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Recently, several writers I respect have been blogging about backstory, exposition and simplicity. The first of those posts, by Patrick O’Duffy, got me thinking about what backstory really means. Heading into a novel, it’s quite usual for me to have dedicated reams of wordage to figuring out who my characters are, what they’re like, what major events (if any) have defined them, how they relate to everyone else in the story, and where they might end up. Depending on the narrative, anything from all to none of this information might prove to be plot-critical; even so, there’s a decent chance that a reasonable portion of it will get used. Once upon a time, I’d have been happy calling that backstory, but having read O’Duffy’s piece, the term no longer feels applicable. Or, more accurately, it doesn’t seem to apply in quite the same way. As a word, backstory is suggestive of information that has already been superseded by the coming narrative –  the sort of character-blurb you might write into an obliging box on a D&D character sheet in the sure and certain knowledge that anything you say, no matter how personally relevant, will have no bearing whatsoever on the coming adventure. At least, that’s my memory of high school level RPGing, anyway; whatever personality I gave my character would be as detached from the main narrative as if I’d bothered to try and impose a fictitious history on my avatar in Neverwinter Nights. In such gaming scenarios, the importance of backstory is reduced to a fairly binary set of good/evil questions designed to shape your personal morality, such as: will my character kick this puppy? Should I steal the gold from the old lady, or give her more to buy medicine? Will I help the druids defend the trees, or shall I fight their preachy asses? (Note: I am probably the only person in the entire world who helps the druids at that point. Some NPCs just ask to be eaten by bears.)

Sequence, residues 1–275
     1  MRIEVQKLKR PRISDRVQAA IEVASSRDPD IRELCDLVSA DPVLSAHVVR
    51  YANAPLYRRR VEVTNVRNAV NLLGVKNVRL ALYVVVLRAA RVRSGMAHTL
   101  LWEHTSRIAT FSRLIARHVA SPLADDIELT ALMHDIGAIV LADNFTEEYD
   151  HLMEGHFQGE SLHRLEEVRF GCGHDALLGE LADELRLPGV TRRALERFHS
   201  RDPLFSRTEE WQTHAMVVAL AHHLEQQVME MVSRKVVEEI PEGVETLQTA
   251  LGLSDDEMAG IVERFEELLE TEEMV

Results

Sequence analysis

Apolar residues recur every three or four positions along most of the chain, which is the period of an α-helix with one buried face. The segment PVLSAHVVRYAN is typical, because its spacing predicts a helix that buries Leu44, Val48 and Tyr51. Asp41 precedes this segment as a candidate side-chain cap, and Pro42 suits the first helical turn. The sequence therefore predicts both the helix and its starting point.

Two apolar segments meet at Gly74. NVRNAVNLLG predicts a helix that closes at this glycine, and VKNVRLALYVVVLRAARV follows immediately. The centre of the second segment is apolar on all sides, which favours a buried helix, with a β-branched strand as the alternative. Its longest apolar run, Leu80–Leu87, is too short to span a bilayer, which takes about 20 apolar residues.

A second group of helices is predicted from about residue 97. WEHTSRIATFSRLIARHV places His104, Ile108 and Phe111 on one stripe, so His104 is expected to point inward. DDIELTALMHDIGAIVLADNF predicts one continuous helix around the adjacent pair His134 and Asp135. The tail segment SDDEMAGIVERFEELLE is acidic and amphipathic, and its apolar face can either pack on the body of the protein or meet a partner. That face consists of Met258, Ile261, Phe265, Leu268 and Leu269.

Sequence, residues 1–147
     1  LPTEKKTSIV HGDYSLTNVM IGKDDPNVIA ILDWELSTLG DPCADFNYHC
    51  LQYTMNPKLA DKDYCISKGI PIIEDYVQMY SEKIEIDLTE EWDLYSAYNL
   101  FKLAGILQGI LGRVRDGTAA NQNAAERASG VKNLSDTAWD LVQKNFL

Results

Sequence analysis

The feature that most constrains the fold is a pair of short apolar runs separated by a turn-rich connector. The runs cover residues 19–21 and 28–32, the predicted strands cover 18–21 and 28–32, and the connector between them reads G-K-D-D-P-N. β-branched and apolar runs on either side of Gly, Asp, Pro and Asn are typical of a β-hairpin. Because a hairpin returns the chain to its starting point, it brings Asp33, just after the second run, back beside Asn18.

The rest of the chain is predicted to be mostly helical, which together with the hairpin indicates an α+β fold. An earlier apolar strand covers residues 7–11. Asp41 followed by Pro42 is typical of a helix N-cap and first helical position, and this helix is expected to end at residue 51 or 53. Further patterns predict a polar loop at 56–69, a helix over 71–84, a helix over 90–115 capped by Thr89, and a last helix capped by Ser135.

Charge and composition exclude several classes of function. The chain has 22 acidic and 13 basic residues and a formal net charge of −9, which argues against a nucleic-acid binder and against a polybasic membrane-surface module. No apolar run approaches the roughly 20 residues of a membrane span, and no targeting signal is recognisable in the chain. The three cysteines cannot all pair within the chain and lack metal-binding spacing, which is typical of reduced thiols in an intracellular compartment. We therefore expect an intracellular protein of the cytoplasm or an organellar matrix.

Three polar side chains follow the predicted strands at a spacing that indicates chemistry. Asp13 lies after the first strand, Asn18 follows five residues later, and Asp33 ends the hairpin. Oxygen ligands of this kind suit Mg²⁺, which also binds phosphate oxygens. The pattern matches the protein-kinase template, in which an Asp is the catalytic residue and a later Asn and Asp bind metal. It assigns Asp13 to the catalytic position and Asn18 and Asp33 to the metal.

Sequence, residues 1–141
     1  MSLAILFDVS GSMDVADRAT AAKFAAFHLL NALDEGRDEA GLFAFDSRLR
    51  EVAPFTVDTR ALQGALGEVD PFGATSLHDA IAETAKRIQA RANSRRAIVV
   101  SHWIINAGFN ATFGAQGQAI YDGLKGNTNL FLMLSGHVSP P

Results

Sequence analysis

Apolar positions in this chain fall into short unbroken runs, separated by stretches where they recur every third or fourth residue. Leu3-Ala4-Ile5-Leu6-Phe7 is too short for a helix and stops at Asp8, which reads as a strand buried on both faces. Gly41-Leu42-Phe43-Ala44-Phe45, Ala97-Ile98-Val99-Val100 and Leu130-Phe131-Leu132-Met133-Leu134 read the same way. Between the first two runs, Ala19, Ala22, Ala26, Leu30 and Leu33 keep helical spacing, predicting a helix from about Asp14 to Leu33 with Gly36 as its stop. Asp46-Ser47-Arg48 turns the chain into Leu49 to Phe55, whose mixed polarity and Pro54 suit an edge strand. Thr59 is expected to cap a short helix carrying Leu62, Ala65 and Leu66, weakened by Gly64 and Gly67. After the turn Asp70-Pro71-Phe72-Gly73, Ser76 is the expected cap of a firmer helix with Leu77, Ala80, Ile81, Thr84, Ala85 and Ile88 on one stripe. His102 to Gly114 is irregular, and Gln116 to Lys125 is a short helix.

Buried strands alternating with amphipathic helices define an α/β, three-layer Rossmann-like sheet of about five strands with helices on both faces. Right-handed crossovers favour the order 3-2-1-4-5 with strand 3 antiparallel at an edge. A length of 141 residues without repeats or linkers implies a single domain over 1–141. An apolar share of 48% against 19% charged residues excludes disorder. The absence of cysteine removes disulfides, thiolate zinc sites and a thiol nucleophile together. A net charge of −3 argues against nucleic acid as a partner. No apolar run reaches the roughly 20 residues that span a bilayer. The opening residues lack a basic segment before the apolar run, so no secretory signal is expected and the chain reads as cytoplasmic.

But writing a novel, it seems to me, is a markedly different endeavour. If the story is analogous to the gaming campaign, then the characters – and their histories – have ceased to be detached from the main quest arc: there are no more NPCs, because every character is a potential party member. RPG campaigns constrain the narrative in that certain characters exist only to help the protagonists forward. The helpful tavern wench cannot suddenly join the quest, no matter how resourceful, brave and clever her backstory might prove her to be. But then, why would you give an NPC backstory beyond what’s necessary to explain the aid they give the protagonist? The answer highlights a significant, crucial difference between pantsers and plotters, viz: for pantsers, the wench can always join the party. Backstory grows organically, so that any random secondary character might suddenly leap into the limelight and refuse to leave without being granted six soliloquies and a curtain call. For plotters, however, such things are fixed from the outset: the relevant leads have already been chosen, and the wench is not among them. Which might go a long way towards explaining why some plotter-writers are leery of backstory – any details they include must, of necessity, be plot-relevant; and if it’s plot-relevant, then it’s not backstory, which instead becomes a label for all the information that had no place in the main narrative. In this context, therefore, suggesting that writers should keep backstory out of their writing doesn’t mean their characters shouldn’t have history; only that said history should be relevant.